The rich man in his castle, The poor man at his gate, God made them high and lowly, And ordered their estate.
In Islam, the religious justification for telling transgender people to accept their lot hinges on five words in the Qur’an: min kul shay’ khalaqna zawjayn (“We created all things in pairs”). Extrapolating from this, scholars have concluded that God has assigned a sex — male or female — to everyone, even if it is not immediately apparent from looking at their body. In intersex cases, where the divinely-assigned sex is believed to be hidden, “uncovering” it through surgery is both permissible and religiously desirable. This also reinforces the idea of a clear-cut male/female binary by bringing the intersex person into conformity with established gender “norms”.
However, the insistence that God creates only male or female causes problems for others on the transgender spectrum: for those who identify as gender-neutral and those whose sexual anatomy is clear but conflicts with their gender identity. Sunni Islamic jurisprudence tends to view this as rejection of the sex assigned by God. Underlying that, there also seems to be an assumption that the evidence of anatomy is a more reliable indicator of God’s will than the evidence of psychiatry.
Shia jurisprudence, as practised in Iran, is better able to handle these issues, though the Iranian government’s enthusiasm for reassignment surgery seems more focused on maintaining gender “norms” than helping trans people to live more comfortably. As a side-effect of this, there are also suspicions that Iran is using reassignment surgery to “normalise” the sexual orientation of gay people.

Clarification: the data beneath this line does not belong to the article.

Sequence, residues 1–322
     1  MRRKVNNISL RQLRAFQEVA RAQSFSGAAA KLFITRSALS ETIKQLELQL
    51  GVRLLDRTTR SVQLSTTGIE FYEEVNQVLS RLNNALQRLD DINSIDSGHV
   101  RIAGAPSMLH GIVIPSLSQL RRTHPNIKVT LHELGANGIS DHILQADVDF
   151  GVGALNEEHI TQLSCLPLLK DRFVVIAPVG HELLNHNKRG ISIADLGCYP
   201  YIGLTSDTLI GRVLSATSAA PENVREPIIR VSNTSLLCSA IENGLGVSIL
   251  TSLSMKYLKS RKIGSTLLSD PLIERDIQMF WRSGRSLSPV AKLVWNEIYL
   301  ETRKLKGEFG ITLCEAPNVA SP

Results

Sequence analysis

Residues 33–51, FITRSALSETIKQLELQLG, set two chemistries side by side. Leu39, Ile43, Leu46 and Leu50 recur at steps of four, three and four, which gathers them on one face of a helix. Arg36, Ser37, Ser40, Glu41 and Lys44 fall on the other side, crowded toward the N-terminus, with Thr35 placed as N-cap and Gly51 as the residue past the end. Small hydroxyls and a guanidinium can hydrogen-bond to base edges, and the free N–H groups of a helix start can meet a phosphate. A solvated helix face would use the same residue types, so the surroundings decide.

Egypt steps forward and backwards
In Egypt, three decades after the Sally case caused huge controversy, the debate about reassignment surgery continues. Surgery in intersex cases — in religious terms the easiest to accept — has been allowed since 2003.
In 2013, the Egyptian Medical Syndicate issued a new Code of Ethics, which essentially recognised gender dysphoria as a medical condition — allowing people who had been diagnosed with it to have reassignment surgery in Egypt. Activists welcomed this as an important landmark, but there was a snag: the code also said operations had to be individually approved by a special committee within the medical syndicate.
Ten operations were approved in 2013 and 11 in 2014, but in 2015 the Egyptian Streets website reported that the committee had suspended further approval for dysphoria-related cases because of “misunderstandings” with al-Azhar, Egypt’s foremost religious authority. Al-Azhar was said to have expressed “unease” about surgery in this type of case and its representative had stopped attending the committee’s meetings. Around the same time, al-Azhar university suspended a female teacher after discovering that she had undergone reassignment surgery — surgery which had previously been approved by the medical syndicate’s committee.
One of the more positive developments in Egypt during the last few years is that people with gender dysphoria can now get help free of charge at the government-run Al-Hussein Hospital. This includes both group and one-to-one therapy (see BBC video report).
Interestingly, according to medical sources cited by Egyptian Streets, almost all the reassignment surgery carried out in government hospitals is female-to-male. This may be because trans women are less willing to come forward, which one therapist attributes to fear of being tarred with “the stigma of homosexuality”.
If so, homophobia in Egypt has created a situation which is the reverse of that in Iran, where more than three-quarters of operations performed by the leading surgeon in the field are reported to have been male-to-female. This may be a reflection of the pressure on gay Iranian men to de-criminalise themselves through sex reassignment surgery.